During a lull in the firing, Nawaz walked back to the tank to get a water bottle and was relieved to see that a APDS high velocity anti-tank round had passed clean through the relatively thin walls of the turret without causing much damage. He headed back and raising his voice said to the driver and loader in typical Punjabi, “Lale kehn ge keh Musle tank chad ke nas gie si. Chalo Allah da nan le kah apne baqi round fire Karye” [The Indians will say that the Muslims have left their tank and bolted. Come, take the name of Allah and let’s fire the remaining rounds].
A direct hit on a tank unnerves even the bravest crew. The logical course would have been to bail out but Nawaz was made of different metal
The crew initially hesitated but a persuasive look by Nawaz and his appeal to their “izzat” (self-respect) made them forget their injury and exhaustion. The gunner was too badly injured but the driver had some training in firing and familiarized himself with the gun controls while Nawaz scanned the area in front for signs of the enemy. 600 meters directly ahead was a field of tall barley and he made out the top of the turret and the barrel of the Centurion 20-pounder gun with its prominent bore evacuator. Nawaz patiently made his novice gunner aim at the target, index the range and fire. At this distance, it was difficult to miss and he was rewarded by the flash of an impact – but to his alarm he saw the tracer of his armour-piercing round sail into the sky as the projectile ricocheted off the thick wall of the Centurion’s turret. “Shot loaded two”, shouted the loader as he slammed another armour-piercing round into the breach but before the gunner could fire again, there was a tremendous jolt and flash as the M36B2 was hit for the third time. Nawaz sank to his seat never to rise again and the tank was engulfed in flames. The other two were badly wounded but managed to bail out.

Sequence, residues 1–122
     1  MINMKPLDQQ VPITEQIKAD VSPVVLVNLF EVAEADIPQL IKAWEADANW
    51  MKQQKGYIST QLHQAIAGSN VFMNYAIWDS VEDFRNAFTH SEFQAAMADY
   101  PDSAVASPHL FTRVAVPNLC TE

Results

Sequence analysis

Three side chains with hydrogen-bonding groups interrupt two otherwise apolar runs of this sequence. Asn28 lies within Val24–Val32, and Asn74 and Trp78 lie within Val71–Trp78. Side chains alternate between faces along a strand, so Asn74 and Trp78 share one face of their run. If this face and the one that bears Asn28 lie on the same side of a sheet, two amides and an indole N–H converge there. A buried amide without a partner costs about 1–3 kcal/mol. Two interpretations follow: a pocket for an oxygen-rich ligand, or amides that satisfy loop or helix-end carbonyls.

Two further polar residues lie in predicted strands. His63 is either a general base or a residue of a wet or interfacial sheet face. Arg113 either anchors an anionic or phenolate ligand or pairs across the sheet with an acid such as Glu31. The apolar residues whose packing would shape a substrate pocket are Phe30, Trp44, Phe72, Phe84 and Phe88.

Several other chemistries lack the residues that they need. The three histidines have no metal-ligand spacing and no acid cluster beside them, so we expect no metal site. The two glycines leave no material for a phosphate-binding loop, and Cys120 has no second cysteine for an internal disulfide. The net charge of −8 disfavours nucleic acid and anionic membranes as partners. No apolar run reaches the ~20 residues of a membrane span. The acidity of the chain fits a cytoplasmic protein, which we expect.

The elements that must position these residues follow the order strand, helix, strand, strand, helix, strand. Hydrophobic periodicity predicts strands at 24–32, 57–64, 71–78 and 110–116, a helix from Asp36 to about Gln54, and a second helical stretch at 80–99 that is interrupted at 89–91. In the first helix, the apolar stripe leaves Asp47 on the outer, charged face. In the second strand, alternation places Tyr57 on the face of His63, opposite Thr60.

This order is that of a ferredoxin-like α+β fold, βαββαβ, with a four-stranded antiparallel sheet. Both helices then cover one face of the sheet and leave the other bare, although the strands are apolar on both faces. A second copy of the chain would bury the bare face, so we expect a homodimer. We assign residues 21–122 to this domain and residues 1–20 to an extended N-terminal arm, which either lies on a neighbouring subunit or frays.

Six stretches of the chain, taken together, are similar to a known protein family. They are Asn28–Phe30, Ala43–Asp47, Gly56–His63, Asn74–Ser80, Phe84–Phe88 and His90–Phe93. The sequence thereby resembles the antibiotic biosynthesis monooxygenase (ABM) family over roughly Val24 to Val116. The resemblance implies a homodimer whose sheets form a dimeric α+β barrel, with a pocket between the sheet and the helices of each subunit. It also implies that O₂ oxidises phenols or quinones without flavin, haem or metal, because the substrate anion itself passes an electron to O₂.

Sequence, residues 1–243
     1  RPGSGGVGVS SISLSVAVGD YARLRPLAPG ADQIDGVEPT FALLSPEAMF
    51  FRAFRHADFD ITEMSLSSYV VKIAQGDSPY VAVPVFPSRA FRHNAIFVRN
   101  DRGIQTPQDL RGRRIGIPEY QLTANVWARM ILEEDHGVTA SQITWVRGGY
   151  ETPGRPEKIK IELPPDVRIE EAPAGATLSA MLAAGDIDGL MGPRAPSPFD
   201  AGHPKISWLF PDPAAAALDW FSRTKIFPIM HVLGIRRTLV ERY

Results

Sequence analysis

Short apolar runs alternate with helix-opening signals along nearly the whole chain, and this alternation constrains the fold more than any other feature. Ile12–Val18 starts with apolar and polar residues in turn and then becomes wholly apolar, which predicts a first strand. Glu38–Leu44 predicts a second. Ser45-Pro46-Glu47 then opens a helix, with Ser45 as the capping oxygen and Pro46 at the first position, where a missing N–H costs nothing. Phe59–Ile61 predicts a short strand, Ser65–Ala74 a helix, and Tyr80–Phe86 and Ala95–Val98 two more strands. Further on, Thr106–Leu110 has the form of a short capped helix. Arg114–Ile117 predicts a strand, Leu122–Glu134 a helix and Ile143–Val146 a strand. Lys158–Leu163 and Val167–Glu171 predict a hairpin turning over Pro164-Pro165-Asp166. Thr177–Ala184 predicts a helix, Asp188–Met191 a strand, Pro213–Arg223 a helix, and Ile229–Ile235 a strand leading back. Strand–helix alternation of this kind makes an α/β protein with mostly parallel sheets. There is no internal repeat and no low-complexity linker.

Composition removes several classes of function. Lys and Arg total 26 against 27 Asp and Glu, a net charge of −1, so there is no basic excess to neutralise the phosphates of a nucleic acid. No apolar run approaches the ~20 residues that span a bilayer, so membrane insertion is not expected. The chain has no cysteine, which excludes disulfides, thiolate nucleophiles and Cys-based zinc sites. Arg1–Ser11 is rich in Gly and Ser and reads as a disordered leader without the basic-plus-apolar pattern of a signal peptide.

The Battle of Phillaurah on the 11th of September 1965 was one of the most difficult days during the 1965 War and it took a desperate stand by 11th Cavalry and a counterattack by the Guides to halt the Indian armoured division. In the clash with two of the finest regiments of the Indian Armoured Corps, 11th Cavalry lost 7 M48s and the squadron of M36B2s lost 9 out of its 12 tanks with its squadron commander Bashir Ullah (Bob) Babar badly burnt. The commanding officer of 11th Cavalry Lt. Col. Abdul Aziz Khan and his number two, Maj. Muzzaffar Malik, were also badly injured. The battle rolled on and the story of Nawaz’s courage and heroism remained shrouded. The curtain was finally raised months after the war when one of the survivors of his crew returned after a prolonged stay in hospital. Nawaz was recommended for the award of Nishan-e-Haider, the highest gallantry award of the country but since so much time had elapsed, the recommendation was not accepted. He has thus joined the brotherhood of the Unknown Soldiers.
Nawaz is dead—nay he shall live forever.
This article is based on an account by General Khalid Mahmud Arif which was published in Sabre and Lance, the Journal of the Pakistan Armoured Corps in 1968.